University of Washington, USA
The Challenge of ‘Globalization’
As this volume demonstrates, religions are as vivid as ever. Religious fundamentalist movements in Christianity, Islam and Judaism have largely been generated in resistance to modernity and to its exclusive secular conception of historicity and legality. Often, this interaction of confronting modernity would not lead to violence. Nonetheless, under other conditions, collisions between neo-liberal globalization and religious fundamentalism may result in violence as was horribly proven on 11 September 2001 with Al-Qaeda’s attack on the World Trade Center and the Pentagon. Religions may include subcultures of violence against ‘external enemies’, such as state law and state legal institutions that symbolize secular depravity. Hence, religious terrorism has been manifested in Western and non-Western political regimes, including Afghanistan, Algeria, Argentina, Egypt, England, France, India, Iraq, Israel, Japan, Jordan, Kenya, Lebanon, North Ireland, Philippines, Russia, Saudi Arabia, Spain, Syria, Turkey and the USA (cf. Pape, 2005).
Why do religions sometimes spur terrorism as a possible hermeneutic against state law in the midst of neo-liberal globalization? It is an intriguing question since, as this volume demonstrates, religious fundamentalism is not necessarily violent. Yet, religious texts often ingrain a binary theological distinction between eternal redemptive good and irreducible evil. The cosmic struggle, including a possible violent clash between ‘good’ and ‘evil’ is historically transcendental and should end in apocalyptic warfare (Juergensmeyer, 2000). Once believers are persuaded that they are under attack from secularism, they may use religious texts as manifesto of the battle against perceived heretic aggressors. Furthermore, neo-liberal globalization has expanded exhibitionist secularism, and in turn spurred a degree of siege mentality among religious fundamentalist non ruling communities. They have protested against pornography, artifcial abortions, free sex and even personal computers connected to the Internet as prominent manifestations of liberal secularism.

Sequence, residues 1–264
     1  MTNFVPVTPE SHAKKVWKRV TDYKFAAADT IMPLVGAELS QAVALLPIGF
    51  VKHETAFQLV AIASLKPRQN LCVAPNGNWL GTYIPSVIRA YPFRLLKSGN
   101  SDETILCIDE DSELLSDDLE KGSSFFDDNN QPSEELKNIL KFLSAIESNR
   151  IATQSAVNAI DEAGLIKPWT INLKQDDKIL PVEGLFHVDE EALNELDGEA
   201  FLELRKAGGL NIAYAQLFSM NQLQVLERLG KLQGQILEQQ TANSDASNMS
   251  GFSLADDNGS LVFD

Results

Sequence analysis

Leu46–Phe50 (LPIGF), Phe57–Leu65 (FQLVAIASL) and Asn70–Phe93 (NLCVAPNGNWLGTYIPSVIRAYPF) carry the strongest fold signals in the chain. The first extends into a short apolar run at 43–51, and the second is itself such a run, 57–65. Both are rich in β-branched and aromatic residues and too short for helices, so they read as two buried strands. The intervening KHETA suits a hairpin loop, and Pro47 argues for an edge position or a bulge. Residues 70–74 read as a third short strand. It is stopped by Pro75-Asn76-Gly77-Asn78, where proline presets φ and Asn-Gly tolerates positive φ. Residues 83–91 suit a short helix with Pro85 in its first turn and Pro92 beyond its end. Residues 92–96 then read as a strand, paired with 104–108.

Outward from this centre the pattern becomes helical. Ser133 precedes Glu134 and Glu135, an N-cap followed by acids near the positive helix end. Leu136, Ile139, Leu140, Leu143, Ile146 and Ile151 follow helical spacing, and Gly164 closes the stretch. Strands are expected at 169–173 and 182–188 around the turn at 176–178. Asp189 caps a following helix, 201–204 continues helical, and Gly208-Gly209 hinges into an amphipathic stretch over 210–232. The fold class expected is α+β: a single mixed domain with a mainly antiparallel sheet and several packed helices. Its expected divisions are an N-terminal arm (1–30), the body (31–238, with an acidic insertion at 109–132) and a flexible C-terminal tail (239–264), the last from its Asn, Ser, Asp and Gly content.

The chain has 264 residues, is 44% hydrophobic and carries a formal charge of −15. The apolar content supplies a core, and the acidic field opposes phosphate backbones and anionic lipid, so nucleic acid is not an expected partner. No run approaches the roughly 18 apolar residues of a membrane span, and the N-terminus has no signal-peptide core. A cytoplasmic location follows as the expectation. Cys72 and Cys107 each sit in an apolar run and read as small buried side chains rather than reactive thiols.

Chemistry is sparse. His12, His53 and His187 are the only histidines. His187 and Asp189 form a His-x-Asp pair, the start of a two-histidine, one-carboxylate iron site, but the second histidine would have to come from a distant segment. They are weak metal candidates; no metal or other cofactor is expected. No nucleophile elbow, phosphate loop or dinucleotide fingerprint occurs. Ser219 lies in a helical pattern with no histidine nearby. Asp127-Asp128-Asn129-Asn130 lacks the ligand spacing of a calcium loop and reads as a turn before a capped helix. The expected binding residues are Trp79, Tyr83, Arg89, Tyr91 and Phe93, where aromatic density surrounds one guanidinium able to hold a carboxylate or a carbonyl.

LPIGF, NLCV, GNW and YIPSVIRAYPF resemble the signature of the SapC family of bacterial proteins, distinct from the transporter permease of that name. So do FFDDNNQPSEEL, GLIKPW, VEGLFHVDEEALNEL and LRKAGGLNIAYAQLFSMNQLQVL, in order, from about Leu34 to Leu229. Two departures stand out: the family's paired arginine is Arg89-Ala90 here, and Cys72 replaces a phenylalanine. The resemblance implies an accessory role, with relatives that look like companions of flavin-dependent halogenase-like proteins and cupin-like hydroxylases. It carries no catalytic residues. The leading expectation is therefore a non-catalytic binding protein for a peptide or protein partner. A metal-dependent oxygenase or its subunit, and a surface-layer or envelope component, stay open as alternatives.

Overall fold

Social class and social deprivation also play crucial roles (Hirschl, 2004). The more a nonruling community perceives itself as socially discriminated against, the more it inclines to draw on religion as a source of violent resistance against hegemonic legal ideology in the domestic and international sphere. Islam, for example, may have moderate hermeneutics towards nonMuslims or, conversely, it may generate very violent hermeneutics; it depends signifcantly on the leadership and elite that make use of religion in a specifc context. Therefore, under conditions of poverty and feelings of deprivation, hostile leadership may turn to faith in transcendental, divine and cosmic justice in order to legitimate even a terrible violence as a means of revolutionizing the praxis and imposing religious law on earth. While the junction of religion and technology often serves religions in their educational purposes, the use of modern technology may also instigate ruthless violent events. More generally, however, as essays in this volume convey, religion is not analogous to violence. First, the practice of religion exceeds that of violence since it is more compound and complex phenomenon that habitually reﬂects the deepest of human desires. Second, the sources of violence are not necessarily religious and, as history tells us, they may certainly be secular as well. The challenge of globalization is to reconcile religiosity, religion and religious fundamentalism with international human rights. In a local global religious context of communities, two processes may unfold. First, as this volume shows, religion may be generated as transnational and construct cross-national, even supranational, identities and practices that are being expanded through information technologies, such as international media and the Internet (Santos, 1995; also Barzilai-Nahon and Barzilai, Chapter 13). Hence, liberalism is becoming a major and dialectical source of advancing religious values, norms and practices. Second, this volume also argues that religious communities may construct practices that are affected by liberalism. Thus, religious women affected by a liberal climate may wish to gain more equality within their non-liberal community without secularizing it. In such circumstances they would raise religious arguments for gender equality based on both human dignity and preservation of the communal culture.